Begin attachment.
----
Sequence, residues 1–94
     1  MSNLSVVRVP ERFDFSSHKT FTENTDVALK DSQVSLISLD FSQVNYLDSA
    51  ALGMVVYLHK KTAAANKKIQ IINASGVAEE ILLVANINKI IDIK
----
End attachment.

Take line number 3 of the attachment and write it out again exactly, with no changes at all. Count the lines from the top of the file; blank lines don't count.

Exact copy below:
    51  ALGMVVYLHK KTAAANKKIQ IINASGVAEE ILLVANINKI IDIK